LeBron James, Cavaliers squeeze past Heat

Miami Heat's James Johnson, right, knocks the ball loose from Cleveland Cavaliers' LeBron James in the first half of their NBA basketball game on Wednesday, January 31. (AP)
Updated 01 February 2018
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LeBron James, Cavaliers squeeze past Heat

CLEVELAND: LeBron James scored 24 points, Jae Crowder made a go-ahead 3-pointer with 1:21 left and the Cleveland Cavaliers began a long stretch without injured All-Star Kevin Love by holding off the Miami Heat 91-89 on Wednesday night.
The Cavs rebounded from a troubling loss at Detroit — Cleveland gave up 125 points to the undermanned Pistons — and prevented the Heat from overtaking them for third place in the Eastern Conference standings.
Cleveland played its first game since Love broke his left hand against the Pistons. The five-time All-Star is consulting with surgeons in New York, and it’s possible he’ll undergo an operation as early as Thursday. Love, who could miss two months, already has screws in the hand from a previous procedure after he broke it in 2009 with Minnesota.
While he’s out, the Cavs have to hold themselves together.
Goran Dragic scored 18 and Josh Richardson 15 to lead the Heat, who went just 3 of 28 on 3-pointers.
Miami had a last chance after Cleveland’s Kyle Korver made one of two free throws with seven seconds left, but Heat forward James Johnson, harassed by James on the baseline, couldn’t get off a shot before the horn sounded.
The Cavs have been enveloped in drama all season. There have been injuries, blowout losses, persistent trade rumors and more story lines than a day-time soap opera.
“As The Land Turns,” coach Tyronn Lue said with a sigh following his pregame media availability.
The chaos could continue, but for at least one night things didn’t get any worse for the Cavs, who went 6-8 in January and have been plagued by shoddy defense.
It was the first time they’ve held a team under 90 points since Nov. 20.
Despite going just 1 of 16 on 3-pointers, Miami overcame a 14-point deficit to take a 50-48 lead at halftime.


Kyrgios withdraws from French Open, citing illness

Updated 51 min 42 sec ago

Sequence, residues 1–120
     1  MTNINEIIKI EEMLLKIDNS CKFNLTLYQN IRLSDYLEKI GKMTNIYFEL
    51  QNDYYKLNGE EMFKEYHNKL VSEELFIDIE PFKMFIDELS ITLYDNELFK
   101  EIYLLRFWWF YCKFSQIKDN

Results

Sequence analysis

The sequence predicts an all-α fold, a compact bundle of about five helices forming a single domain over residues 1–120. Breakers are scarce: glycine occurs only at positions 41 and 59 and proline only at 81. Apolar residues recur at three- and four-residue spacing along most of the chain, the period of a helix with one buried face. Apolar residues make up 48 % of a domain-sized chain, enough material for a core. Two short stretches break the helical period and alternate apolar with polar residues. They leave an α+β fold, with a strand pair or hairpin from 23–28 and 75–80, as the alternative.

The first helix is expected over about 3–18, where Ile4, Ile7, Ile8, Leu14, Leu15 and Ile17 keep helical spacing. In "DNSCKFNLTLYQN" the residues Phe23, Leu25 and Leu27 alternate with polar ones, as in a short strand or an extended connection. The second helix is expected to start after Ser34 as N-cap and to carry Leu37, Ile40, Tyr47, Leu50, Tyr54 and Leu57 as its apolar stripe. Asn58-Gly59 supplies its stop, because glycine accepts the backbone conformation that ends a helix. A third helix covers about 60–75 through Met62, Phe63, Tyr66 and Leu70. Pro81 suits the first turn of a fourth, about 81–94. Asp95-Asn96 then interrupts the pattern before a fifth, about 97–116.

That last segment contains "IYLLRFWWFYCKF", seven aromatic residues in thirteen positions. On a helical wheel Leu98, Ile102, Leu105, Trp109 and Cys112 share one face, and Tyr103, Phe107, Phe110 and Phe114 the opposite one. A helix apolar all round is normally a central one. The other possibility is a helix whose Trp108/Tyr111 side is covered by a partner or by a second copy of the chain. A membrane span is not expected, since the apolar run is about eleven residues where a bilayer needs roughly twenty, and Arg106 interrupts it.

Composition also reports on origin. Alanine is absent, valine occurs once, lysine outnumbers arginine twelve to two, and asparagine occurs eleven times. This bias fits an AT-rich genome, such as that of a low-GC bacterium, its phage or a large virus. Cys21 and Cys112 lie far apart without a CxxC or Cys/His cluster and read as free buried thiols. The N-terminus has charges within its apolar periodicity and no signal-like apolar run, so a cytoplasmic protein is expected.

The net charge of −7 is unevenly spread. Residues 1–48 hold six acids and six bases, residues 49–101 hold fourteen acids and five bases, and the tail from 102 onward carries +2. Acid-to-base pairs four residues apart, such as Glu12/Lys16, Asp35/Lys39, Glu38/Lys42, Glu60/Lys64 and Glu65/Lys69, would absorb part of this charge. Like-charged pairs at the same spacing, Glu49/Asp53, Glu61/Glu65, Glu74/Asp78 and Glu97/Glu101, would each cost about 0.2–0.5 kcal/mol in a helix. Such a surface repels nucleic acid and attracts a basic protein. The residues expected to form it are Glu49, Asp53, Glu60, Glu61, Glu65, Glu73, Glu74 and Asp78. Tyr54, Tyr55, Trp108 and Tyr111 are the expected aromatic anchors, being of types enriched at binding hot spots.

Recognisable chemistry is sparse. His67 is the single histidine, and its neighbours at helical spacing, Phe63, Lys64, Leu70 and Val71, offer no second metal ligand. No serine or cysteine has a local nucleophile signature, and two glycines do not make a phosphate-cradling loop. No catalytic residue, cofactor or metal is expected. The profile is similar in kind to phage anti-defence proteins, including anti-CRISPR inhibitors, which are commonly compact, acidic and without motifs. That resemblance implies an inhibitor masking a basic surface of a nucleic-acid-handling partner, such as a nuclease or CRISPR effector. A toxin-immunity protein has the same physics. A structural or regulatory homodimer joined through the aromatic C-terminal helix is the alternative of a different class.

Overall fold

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Kyrgios withdraws from French Open, citing illness

  • Roger Federer plays down chances of his winning the mega title

PARIS: After a tantrum in Italy last week, Nick Kyrgios withdrew from the French Open on Friday.

The ATP said the Australian player cited illness as the reason.

Last week at the Italian Open, the 36th-ranked Kyrgios was defaulted and fined during his second-round match after an outburst of rage. Trailing against Norwegian qualifier Casper Ruud, Kyrgios slammed his racket to the clay and kicked a water bottle. Then he picked up a white chair and flung it onto the court.

Kyrgios was fined and lost ATP points but escaped suspension and was expected to play in Paris.

His withdrawal came only days after Kyrgios posted a video online in which he said the French Open “sucks” when compared to Wimbledon, where he trained recently.

In 2015, Kyrgios insulted Stan Wawrinka with crude remarks during a match in Montreal. He was fined $12,500 and given a suspended 28-day ban. He also attracted criticism for deciding not to play at the Olympics because of a spat with an Australian team official, and for firing back at retired players who have offered advice.

Also on Friday, Roger Federer played down his chances of winning the French Open on his first appearance at Roland Garros since 2015, saying that title-winning form might not be “in his racquet.”

The 20-time Grand Slam champion missed the French Open in 2016 through injury before sitting out the next two clay-court seasons in order to focus on Wimbledon.

But he will make his Roland Garros return on Sunday with a first-round tie against unheralded Italian Lorenzo Sonego.

Federer admitted that he is unsure of his title chances, but did compare his current situation with when he ended a five-year Grand Slam drought at the Australian Open in 2017.

“(I) don’t know (if I can win the tournament). A bit of a question mark for me. Some ways I feel similar to maybe the Australian Open in ‘17,” the 2009 French Open winner said.

“A bit of the unknown. I feel like I’m playing good tennis, but is it enough against the absolute top guys when it really comes to the crunch? I’m not sure if it’s in my racquet.

“But I hope I can get myself in that position deep down in the tournament against the top guys. But first I need to get there and I know that’s a challenge in itself.”

Despite being the third seed, Federer faces a tricky draw, with a possible quarter-final against Greek youngster Stefanos Tsitsipas — who beat him in the Australian Open last 16 — and a potential last-four clash with 11-time champion and old adversary Rafael Nadal.

Meanwhile, Nadal said on Friday that he “doesn’t care” if he is the red-hot favorite to lift a record-extending 12th French Open title, insisting that there are a host of players in contention for the trophy.

The world number two holds an incredible French Open win-loss record of 86-2, and hit top form by winning his ninth Italian Open last week with a final victory over old rival Novak Djokovic.